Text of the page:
From the video case: London is fear struck, and Scotland Yard is baffled by a series of strange murders that have plagued the city. Stories of the atrocities, by crime journalist Edmond Bankcroft (Michael Gough), come to their own conclusions missed by the “Yard.” This is because of the fact that Edmond is behind these horrible crimes in order to create material for his writing. Along with his assistant, Rick (Graham Curnow) who helps him run a private “Black Museum” filled with murder and torture devices. (1959,color)
Mark says: This film features the amazing gimmick of Hypno Vista, a technique which “actually puts you in the picture.” Ok, so maybe it’s not that amazing, and maybe it doesn’t really put you into the picture, but it is a bit of fun. What Hypno Vista is exactly, is a psychologist (Emile Franchel) who, at the beginning of the movie, gives a lecture on the power of suggestion. Then, before the film starts, he “hypnotizes” you so you feel the full shock and terror of the picture.
Hypno Vista doesn’t work, of course, but it does provide some amusement. Unfortunately, it is not entertaining enough, and it lasts too long, to withstand repeated viewings. You’ll most likely fast forward through this section of the film after watching it once or twice.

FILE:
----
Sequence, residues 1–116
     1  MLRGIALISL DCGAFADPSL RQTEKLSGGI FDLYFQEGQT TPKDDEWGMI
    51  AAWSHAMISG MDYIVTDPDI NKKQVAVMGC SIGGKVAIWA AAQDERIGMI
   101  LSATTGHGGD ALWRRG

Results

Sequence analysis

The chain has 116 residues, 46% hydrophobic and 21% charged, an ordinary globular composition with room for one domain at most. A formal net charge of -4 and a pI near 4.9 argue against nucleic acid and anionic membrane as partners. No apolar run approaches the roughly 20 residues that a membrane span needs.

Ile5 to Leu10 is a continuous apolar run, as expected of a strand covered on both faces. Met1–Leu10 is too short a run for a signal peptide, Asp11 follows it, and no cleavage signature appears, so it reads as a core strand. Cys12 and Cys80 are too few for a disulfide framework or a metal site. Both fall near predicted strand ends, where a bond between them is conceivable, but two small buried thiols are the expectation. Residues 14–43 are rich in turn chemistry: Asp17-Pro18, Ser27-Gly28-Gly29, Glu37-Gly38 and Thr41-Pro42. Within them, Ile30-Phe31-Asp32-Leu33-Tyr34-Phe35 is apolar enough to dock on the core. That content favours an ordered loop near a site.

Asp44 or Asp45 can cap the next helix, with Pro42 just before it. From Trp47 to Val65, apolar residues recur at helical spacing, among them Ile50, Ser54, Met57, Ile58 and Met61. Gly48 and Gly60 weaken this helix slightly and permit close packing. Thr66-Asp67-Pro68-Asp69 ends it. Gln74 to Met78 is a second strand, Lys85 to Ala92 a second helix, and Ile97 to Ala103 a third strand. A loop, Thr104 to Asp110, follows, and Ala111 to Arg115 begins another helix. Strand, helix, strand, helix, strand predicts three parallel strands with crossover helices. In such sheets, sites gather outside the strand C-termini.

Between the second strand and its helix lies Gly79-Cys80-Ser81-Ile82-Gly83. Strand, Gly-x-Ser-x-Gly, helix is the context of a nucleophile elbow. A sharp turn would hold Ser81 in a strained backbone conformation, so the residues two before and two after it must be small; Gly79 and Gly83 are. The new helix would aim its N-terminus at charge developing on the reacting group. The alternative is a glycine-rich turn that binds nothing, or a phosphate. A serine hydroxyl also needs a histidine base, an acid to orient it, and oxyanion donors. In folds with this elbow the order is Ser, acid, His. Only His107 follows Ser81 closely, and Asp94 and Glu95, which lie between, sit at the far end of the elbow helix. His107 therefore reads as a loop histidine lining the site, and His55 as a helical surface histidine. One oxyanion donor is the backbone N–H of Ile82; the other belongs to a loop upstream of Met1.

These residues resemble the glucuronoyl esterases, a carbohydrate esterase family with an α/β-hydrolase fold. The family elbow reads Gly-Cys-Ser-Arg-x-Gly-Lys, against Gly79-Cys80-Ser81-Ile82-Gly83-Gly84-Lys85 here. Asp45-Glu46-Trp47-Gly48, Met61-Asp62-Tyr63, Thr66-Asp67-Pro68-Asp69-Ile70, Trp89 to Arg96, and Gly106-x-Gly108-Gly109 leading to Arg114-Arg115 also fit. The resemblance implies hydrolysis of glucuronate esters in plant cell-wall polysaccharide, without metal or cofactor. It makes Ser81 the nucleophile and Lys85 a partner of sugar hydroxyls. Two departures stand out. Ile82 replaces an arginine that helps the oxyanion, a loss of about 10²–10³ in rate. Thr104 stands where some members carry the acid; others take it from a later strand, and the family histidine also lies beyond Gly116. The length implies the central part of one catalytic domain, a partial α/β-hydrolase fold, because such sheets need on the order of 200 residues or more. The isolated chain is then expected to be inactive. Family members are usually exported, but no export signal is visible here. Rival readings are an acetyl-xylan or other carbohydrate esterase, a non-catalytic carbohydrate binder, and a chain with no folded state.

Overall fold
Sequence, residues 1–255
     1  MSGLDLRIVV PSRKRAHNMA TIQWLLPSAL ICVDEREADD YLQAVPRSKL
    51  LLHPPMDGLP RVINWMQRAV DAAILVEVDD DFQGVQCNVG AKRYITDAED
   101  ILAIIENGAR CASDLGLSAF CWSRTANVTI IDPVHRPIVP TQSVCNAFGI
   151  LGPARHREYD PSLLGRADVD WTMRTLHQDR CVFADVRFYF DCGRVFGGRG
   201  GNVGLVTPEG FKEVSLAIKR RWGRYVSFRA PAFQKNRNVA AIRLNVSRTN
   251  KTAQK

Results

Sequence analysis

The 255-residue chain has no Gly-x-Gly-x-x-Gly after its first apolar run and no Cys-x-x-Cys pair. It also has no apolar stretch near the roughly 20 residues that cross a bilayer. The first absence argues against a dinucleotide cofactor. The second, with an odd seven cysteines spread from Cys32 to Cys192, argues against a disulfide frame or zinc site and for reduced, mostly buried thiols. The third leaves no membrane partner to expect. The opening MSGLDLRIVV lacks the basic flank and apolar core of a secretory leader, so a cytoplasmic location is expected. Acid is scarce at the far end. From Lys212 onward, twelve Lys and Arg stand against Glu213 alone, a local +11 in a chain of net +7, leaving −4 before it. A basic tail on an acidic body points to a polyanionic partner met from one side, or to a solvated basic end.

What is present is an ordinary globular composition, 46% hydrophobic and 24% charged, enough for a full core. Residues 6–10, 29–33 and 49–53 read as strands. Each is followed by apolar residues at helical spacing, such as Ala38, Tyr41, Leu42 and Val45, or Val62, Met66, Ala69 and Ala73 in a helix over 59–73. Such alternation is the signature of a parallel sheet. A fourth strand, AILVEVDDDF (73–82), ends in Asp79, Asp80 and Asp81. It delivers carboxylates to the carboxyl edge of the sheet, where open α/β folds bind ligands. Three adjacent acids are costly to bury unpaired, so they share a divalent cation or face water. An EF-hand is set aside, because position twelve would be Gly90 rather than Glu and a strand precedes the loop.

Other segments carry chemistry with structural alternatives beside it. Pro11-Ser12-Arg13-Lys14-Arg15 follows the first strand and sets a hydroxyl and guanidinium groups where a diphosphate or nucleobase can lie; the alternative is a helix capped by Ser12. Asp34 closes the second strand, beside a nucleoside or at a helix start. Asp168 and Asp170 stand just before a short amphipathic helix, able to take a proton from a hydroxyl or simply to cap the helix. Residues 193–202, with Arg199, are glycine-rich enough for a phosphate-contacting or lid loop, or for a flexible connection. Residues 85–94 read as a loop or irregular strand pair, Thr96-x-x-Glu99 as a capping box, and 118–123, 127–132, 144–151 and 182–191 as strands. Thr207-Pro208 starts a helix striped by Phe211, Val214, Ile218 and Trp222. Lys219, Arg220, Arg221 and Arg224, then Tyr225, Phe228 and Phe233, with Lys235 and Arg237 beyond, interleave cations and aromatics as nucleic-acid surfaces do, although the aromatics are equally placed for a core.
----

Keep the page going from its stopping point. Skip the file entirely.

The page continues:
The movie itself is a ridiculous contrivance, but very watchable and entertaining. The opening scene where Dorinda Stevens gets her eyes gouged out by a pair of nefariously rigged binoculars is the spectacle most people remember, but there are other memorable murders portrayed, as well. I won’t ruin the suspense for you, though.
As in the later film, Konga, it is primarily Michael Gough who makes the movie worthwhile. He’s a fantastic bad guy, full of arrogance and cold-blooded self-righteousness. He has no qualms about having people killed to advance his career and ego. If I ever do a dramatic reading (and I have no idea as to why I would) I would use Mr. Gough’s tirade on evil and the unreliability of women from this film as my piece. It’s so incredibly over-the-top.
Also of some note is June Cunningham, who plays Michael Gough’s paid lover, Joan Berkley. She has some great lines in the scene where they are haggling over money, and her dance routine has to be seen to be believed. I am constantly reminded of the line from a Beatles’ song, “You may be a lover but you ain’t no dancer,” as I watch her cut a rug.
Other players are Graham Curnow as Mr. Bancroft’s assistant, Rick, and Shirley Anne Field, who plays Rick’s fiancée, Angela Banks. Mr. Curnow plays a significant role in the movie, but Shirley Anne Field is little more than window dressing.
Scene to watch for: Beware the man with the portable guillotine.
Line to listen for: “One must never place any trust in a woman. It was no secret that Satan was able to tempt Eve before Adam.”
Mark’s Rating: ! ! ! ½ out of 5.